ein Mann zuletzt doch Jubelklang
Freuden wegen Könnte teuer
prange zitten Göttertrank
willig Singen herlich Lust
wieder Huld mein Dank der ganz
Erdross sein Wolfgang Scheitel marsch bekannt
und prophezeihn in Eigentum
Tücken kampfe Liebe gaffen
lebe mit Verachtung Platz
Bacchus schenken es sei Ives
du bist unverdrossen ganzes Türe Scherzen Eigentum
schändlich Winde Blonden schwachen Aufschub Amadeus Wort
früh aufstehen wahrhaft dummen Wagen feiger umzugehn
Mädchen passen wonne Stärke Arten gehn hinein Gesang
disposed of beaten
disposed of beaten whipped cream
heaven’s cudgel is Charlie
invest with postponement heaven therein
true blessing of my quarrel
the schemer Selim is a batch of straw
long march Joy and Jubilation
we’re going inside I have to question you!
get moving must be flying
accuse the excellent eagerness Mozart
the apex of women fans George
such a different danger
devil breast be gone big moron
thereby I beat the resolute, risky flood
finally a man a jubilant noise nevertheless
joy because of expensive possibility
the drink of the gods glitters and trembles
voluntarily we sing magnificent pleasure
again kindness my thanks for the whole
strangulation his Wolfgang the top of his head is famous for marching
and prophesies in possessions
malicious pranks struggle to stare love
live with contempt place
Baccus presents it is Ives
you are unflagging the whole door jokes possessions
shameful winds feeble Blondie postponement of Amadeus word
rises up early true dumb carts cowardly going around
maiden is suitable delightful strength the species going inside to sing
A SOCIABLE FOOTNOTE: Saturday afternoon we went on a successful hunt for the house in Columbia where Phyllis lived in 1958 and ’59. The landmark was the Colonial Heights Baptist Church, no longer in the phone book but clearly recognizable now at the renamed Family Worship Center. Saturday night My sister Linda and her husband the painter/sculptor Jerry Luke of Savanna met us at the concert. We had a couple of meals together and a very good time. After breakfast with Linda and Jerry on Sunday Phyllis and I played hooky from church and drove to Rocky Mount, North Carolina to visit Ben and Betty Johnston. (Another eight hours on the road, round trip! On the way we stopped at South of the Border for ice cream.) It was a wonderful visit, though a short one. The highlight of the trip was hearing the new recording of Ben’s Ninth, Third and Fourth string quartets in new performances by the Kepler Quartet. (The Second Quartet is on the same CD, but we ran out of time.) Recently released by New World Records, these amazing pieces, in cleaner, brighter-than-ever performances with ferocious attention to detail, are a must-buy for serious collectors of twentieth-century music, string quartets, or even different versions of “Amazing grace.”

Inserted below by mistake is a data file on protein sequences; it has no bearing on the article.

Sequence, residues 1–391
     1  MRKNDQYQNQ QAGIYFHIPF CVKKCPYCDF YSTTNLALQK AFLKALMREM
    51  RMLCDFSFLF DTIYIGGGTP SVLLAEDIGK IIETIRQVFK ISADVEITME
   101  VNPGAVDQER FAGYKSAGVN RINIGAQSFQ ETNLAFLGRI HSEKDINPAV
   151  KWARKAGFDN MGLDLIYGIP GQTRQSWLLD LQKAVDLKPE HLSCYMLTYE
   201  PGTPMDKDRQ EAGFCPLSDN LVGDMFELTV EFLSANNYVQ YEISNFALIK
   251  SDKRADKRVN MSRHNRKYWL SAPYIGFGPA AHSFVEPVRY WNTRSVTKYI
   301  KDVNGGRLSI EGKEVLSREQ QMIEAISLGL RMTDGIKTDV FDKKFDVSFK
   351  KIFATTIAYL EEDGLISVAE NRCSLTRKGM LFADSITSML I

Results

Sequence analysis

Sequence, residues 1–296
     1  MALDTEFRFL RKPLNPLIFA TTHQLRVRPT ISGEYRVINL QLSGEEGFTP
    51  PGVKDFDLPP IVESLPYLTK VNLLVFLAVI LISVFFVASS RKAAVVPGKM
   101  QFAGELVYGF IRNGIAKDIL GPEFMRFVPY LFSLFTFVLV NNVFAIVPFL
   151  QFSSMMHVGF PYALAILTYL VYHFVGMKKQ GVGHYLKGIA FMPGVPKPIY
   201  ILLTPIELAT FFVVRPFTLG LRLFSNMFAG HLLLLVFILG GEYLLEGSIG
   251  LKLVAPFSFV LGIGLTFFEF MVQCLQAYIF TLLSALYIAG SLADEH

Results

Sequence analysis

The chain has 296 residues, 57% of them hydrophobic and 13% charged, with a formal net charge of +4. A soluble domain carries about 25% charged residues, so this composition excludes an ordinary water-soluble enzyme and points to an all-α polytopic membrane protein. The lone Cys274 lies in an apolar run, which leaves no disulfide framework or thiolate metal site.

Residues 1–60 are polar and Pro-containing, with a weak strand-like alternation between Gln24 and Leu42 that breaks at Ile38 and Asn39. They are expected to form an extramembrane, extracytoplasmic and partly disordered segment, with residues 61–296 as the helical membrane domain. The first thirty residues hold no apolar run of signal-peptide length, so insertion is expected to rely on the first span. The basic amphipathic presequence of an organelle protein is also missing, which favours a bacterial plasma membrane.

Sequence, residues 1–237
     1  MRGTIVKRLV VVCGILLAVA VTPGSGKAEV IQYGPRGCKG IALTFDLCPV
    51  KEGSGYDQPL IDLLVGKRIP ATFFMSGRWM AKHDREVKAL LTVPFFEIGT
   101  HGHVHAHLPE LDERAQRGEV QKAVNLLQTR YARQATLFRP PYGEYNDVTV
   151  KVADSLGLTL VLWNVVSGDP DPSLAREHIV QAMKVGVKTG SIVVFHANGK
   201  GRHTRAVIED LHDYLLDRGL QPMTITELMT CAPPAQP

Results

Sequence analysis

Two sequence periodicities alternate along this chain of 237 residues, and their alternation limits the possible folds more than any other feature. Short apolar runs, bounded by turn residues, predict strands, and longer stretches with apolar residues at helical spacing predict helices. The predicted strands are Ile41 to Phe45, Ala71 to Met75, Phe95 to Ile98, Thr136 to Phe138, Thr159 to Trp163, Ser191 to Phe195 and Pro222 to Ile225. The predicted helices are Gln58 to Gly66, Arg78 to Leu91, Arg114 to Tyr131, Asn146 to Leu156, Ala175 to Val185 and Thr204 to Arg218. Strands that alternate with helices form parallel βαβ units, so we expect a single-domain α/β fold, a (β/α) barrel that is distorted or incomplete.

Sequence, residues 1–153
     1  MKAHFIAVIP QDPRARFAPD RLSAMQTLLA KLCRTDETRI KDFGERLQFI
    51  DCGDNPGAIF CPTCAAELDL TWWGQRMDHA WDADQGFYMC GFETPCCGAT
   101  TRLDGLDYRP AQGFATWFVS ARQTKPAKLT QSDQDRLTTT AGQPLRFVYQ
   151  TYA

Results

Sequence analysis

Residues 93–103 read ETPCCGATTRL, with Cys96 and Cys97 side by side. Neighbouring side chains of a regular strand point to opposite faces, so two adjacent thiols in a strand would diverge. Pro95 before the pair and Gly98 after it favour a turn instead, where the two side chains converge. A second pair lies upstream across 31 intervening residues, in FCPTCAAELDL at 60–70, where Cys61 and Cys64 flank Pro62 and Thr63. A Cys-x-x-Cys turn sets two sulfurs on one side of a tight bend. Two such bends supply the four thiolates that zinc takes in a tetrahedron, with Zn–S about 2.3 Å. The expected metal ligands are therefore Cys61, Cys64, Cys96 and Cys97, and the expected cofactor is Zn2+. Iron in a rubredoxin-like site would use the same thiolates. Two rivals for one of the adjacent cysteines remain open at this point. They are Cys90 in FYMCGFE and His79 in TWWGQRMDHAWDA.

For an excellent descriptive review of this CD, and an informative interview with one of the members of the Kepler Quartet, see http://dram.nyu.edu/dram/_html/news.html. Ben is the featured composer and the date is January 12, 2006.